Hear me out before you get mad at me, k?
Xanax is one of the most ubiquitous medications in America when it comes to trauma fighters. It may be in other parts of the world, too. Because our nervous system is constantly on high alert, the anxiety we live with can feel unbearable. And Xanax or the generic Alprazolam are proven to soothe our frayed nerves.
I took Xanax for nearly 4 years. Sometimes I still miss the feeling of relief when a dose kicked in. But I realized something when I stopped taking Xanax in rehab:
Taking Xanax every day was making my anxiety worse.
The Half Life Problem
Compared to other benzodiazepams, Xanax has a short half-life. This means it leaves the body faster than other longer-acting medications. In fact, it is possible to have withdrawal symptoms even between regular proscribed doses.
It’s well established that Xanax or alprazolam can lead to a “rebound effect” when use is stopped. A rebound effect means that the symptom you were medicating comes back stronger than it was before medication. The short half-life of Xanax means that people often feel this rebound effect before their next dose is due. This is one reason why Xanax is so highly prone to misuse.
I’ll say it one more time: You can feel even more anxious than you were to start with in between regular doses of Xanax. This makes you want to take more, and certainly makes it hard to skip a dose. Even over a short period of use, even when taken as directed, Xanax naturally lends itself to addiction, or at least dependence.
Xanax Is A Short-Term Help, But Long-Term Hindrance
There’s a reason Xanax/ Alprazolam is the most prescribed medication for anxiety: it works, and it works fast. And since longer-acting medications take time to build up in your system it makes sense to proscribe Xanax in the short term until those medications take effect.
Unfortunately, it doesn’t take long at all for the brain to adjust to Xanax’s activity and build up a tolerance. With the rebound effect mentioned above, this can make it seem like your anxiety is actually getting worse, and you need even more Xanax just to function.
But even if that doesn’t happen to you, and you are able to use Xanax as proscribed, it’s still not helping you in the long run. Numbing yourself to your pain is tempting, and being able to function without anxiety when taking Xanax feels like progress. Unfortunately, what you’re actually doing is just kicking the ball up the street. You’re just ignoring feelings that have to be dealt with sooner or later.
The fresher and more severe your trauma, the more needed a short-term medication like Xanax is. When the pain is intense, by all means medicate it. You wouldn’t avoid bandaging a fresh burn just because the bandage may need to be changed later. But you also can’t use the same bandage forever and expect your burn to get better. It will need to be exposed to the air at some point.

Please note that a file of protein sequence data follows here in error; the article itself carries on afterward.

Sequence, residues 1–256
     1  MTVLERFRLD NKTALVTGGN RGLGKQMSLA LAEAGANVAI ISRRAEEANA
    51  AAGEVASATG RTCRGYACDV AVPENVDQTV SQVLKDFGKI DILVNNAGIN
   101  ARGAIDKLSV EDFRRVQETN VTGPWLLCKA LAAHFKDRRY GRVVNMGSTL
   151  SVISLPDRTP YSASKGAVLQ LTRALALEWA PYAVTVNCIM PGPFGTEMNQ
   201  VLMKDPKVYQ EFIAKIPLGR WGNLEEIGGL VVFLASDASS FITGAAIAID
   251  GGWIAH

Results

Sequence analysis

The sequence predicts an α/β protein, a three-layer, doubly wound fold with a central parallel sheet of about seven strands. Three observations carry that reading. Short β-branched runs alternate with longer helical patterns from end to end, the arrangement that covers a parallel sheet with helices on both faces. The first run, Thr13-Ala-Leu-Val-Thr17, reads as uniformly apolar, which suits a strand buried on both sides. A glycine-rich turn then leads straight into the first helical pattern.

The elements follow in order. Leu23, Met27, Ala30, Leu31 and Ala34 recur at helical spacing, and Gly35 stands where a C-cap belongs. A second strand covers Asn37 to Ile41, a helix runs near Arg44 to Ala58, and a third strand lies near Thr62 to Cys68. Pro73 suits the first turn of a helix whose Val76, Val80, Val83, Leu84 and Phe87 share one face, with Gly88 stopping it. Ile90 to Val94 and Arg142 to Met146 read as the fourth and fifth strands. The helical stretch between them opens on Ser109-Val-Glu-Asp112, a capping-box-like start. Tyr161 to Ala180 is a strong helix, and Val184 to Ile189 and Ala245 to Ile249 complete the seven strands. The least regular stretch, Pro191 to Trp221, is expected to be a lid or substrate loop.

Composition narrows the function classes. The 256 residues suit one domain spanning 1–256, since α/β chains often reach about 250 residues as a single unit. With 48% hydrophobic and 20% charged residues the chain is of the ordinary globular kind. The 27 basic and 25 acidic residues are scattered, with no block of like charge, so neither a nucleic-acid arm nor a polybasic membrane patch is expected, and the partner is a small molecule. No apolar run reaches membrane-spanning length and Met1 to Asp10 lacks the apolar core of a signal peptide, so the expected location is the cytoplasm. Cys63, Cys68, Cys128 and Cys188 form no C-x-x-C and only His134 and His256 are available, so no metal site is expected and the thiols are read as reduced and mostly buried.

Emotional trauma works the same way. If you keep your wounds bandaged up tightly, and never allow yourself to feel the feelings your body wants you to process, those wounds will never go away. You’ve got to feel in order to heal. As long as you’re numbing your feelings with Xanax or any other substance, you’re stuck in place. You’re not getting any better.
Xanax Withdrawal Is No Joke
As I write this, it has been almost 4 months since I took my last dose of Xanax, the morning I checked into rehab. I am still feeling withdrawal symptoms. I am extremely tired no matter how much I sleep, and I am lightheaded to the point I think I’m going to pass out when I stand up. I originally thought this was a side effect of the Vivitrol shot, and that may be contributing. But it’s more likely I’m suffering from Post-Acute Withdrawal Syndrome.
And these symptoms can last a year or more.
Still, I will gladly accept the dizziness and excess sleep as opposed to the withdrawals I experienced short-term. I’ve delivered two children and yet I have NEVER been as miserable. Sweating, nausea, vomiting, diarrhea, anxiety – all at level 10 – lasted into my 3rd week clean. Believe it or not, I was lucky.
Since I didn’t know any better, I wound up quitting Xanax cold turkey instead of tapering it down before I went to rehab. Had I done this without medical supervision I likely could have had seizures and even died. During my stay in Wilmington, we saw several people have those seizures. My room overlooked the admission office, giving me a front row seat as paramedics would frantically work on someone who had just shown up for treatment. Sometimes the other patients would watch with me, and we’d all hold our breath to see if the patient’s head was covered when loaded into the ambulance or if they were still alive.
Quitting. Xanax. Can. Kill. You.
Staying on it will trap you in a wounded state. So talk to your doctor for the love of all the gods, and safely stop taking it. It’s time.